Closing the Door on Hackers

For most of my teenage years, I made a hobby of hacking into some of the world’s largest government and corporate computer systems. I was “lucky” enough to be raided by the F.B.I. when I was 17 years old. After that wake-up call, I eventually started a software security company and now find myself helping to plug security holes, not exploit them.

The nature of hacking has changed, too, since I left it in the late 1990s — from a game of curiosity and occasional activism into a central tool in cybercrime and nation-state attacks.

Alongside that shift has come a loud and often misguided conversation about what to do to stop this new breed of hacking. Too much of the debate begins and ends with the perpetrators and the victims of cyberattacks, and not enough is focused on the real problem: the insecure software or technology that allows such attacks to succeed. Instead of focusing solely on employees who accidentally open e-mails, we should also be pressuring software makers to make significant investments in their products’ security.

When you read headlines about the latest cyberattack, you typically do not hear about how attackers were able to put a virus or other malware on a system in the first place. In many cases, it begins with attackers exploiting a software vulnerability or weakness in order to install their malware.

The unspoken truth is that for the most part, large software companies are not motivated to make software secure. It’s a question of investment priorities: they care more about staying competitive with their products, and that means developing the latest features and functions that consumers and businesses are looking to buy. Security issues are often treated more as a marketing challenge than an engineering one.

A result is an open door to hackers inside some of the world’s most popular software systems. Perhaps most famously, during the early to middle parts of the last decade, hackers discovered a significant number of glaring security weaknesses in Microsoft products (some of which were discovered by my company). Several of these weaknesses were exploited in high-profile computer virus and worm attacks.

To be fair, securing software is not a trivial task. Often it means building in multiple barriers to entry and keeping those defenses current with the latest developments in hacker techniques. Security has to be a central and significant investment in any software development project.

Still, given the heightened impact of recent attacks on both corporate and government operations, we must begin to hold software companies accountable for such vulnerabilities.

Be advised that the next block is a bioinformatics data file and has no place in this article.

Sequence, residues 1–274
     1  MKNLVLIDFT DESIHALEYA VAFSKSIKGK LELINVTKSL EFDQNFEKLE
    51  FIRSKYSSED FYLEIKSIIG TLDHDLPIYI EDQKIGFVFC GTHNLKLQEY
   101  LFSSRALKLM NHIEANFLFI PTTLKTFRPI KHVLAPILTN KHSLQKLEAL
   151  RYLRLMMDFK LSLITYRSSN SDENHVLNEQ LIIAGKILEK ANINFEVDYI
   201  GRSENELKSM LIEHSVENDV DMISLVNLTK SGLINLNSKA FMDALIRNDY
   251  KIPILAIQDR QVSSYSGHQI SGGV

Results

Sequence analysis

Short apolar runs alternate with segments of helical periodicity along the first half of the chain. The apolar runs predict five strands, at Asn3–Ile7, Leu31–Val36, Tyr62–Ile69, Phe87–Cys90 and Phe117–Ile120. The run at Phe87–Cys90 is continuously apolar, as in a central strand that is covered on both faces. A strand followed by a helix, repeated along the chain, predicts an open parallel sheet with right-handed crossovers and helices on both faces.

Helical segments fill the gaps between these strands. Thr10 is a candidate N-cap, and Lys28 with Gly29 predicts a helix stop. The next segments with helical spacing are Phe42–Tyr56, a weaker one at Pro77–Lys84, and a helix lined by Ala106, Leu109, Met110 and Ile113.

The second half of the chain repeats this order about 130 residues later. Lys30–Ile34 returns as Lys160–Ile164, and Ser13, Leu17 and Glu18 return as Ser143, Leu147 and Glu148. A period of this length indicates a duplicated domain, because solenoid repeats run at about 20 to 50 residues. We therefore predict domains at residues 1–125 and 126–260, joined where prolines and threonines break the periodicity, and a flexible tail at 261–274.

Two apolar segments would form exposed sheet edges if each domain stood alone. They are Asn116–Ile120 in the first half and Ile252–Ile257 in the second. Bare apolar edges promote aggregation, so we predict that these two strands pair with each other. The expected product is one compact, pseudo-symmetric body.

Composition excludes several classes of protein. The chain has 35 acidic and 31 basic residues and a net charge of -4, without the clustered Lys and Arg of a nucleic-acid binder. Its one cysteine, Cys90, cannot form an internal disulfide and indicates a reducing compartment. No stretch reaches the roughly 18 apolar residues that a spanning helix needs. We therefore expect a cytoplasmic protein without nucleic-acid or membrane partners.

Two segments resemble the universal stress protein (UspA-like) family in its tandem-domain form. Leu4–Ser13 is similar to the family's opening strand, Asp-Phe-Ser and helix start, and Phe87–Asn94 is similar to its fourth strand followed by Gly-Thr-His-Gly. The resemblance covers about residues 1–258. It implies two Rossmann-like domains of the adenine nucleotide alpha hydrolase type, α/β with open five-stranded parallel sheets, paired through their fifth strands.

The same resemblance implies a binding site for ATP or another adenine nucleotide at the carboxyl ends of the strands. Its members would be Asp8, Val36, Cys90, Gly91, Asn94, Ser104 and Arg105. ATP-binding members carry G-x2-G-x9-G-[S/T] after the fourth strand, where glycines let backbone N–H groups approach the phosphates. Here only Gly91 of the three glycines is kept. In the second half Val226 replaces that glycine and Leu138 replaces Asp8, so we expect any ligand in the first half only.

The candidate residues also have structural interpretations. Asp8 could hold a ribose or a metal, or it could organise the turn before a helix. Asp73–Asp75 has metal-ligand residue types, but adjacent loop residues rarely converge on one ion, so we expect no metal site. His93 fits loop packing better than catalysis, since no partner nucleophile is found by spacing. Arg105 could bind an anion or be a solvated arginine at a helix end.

Fortunately, there is a lot a company can do to secure its code, should it choose to. After Microsoft’s software vulnerabilities drew significant negative attention — one of the few times the public has correctly affixed blame to a software company — Bill Gates himself addressed the issue in 2002 in his now famous “Trustworthy Computing” memo.

In that memo, sent to all Microsoft employees, Mr. Gates made it clear that the company’s future depended on building software and a platform that could be reliably secure. It was more than talk: in the decade or so since, Microsoft fundamentally changed its software development process to make security a core part of the program.

Too many other companies, though, seem to have missed the memo.

Take Oracle, and specifically the security challenges surrounding its Java software, which the company inherited through its 2010 acquisition of Sun Microsystems. Java, one of the most ubiquitous pieces of software in the world, is so full of security holes — including multiple avenues for hackers to take control of a computer remotely — that the Department of Homeland Security recommends that its users completely disable the software in their browsers.

Oracle is not alone. Adobe, which makes the popular Adobe Reader and Flash applications, has seen a significant number of security weaknesses over the years and also a sharp increase in its software’s being a gateway for cyberattacks. The risks associated with Flash were one reason Apple decided not to allow it on iPhones.

Like Microsoft, Adobe has made strides to increase the security of its technology over the last couple of years, and more recently some of those security improvements seem to be paying off. But it still has work to do.

In his 2002 memo, Mr. Gates cast the security challenge as not just a Microsoft problem, but one for the overall industry. A computer or a network is only as secure as its weakest link — no matter how secure one program might be, a poorly protected bit of software could compromise everything.

That means that on top of investing in their own security, companies have to make efforts to coordinate with other developers to present a united front. Adobe and Microsoft have worked together in recent years to identify and close off mutual vulnerabilities, and other companies should follow suit.

A lot of the talk around cybersecurity has centered on the role of government. But investing in software security and cooperating across the software industry shouldn’t take an act of Congress. It will, however, take a new mind-set on the part of developers. They should no longer see security as an add-on feature, nor should they regard holes in their competitors’ security efforts as merely a competitive advantage. As the world comes to depend more and more on their products, it should demand nothing less.

Marc Maiffret is the chief technology officer of BeyondTrust, an enterprise security management company.

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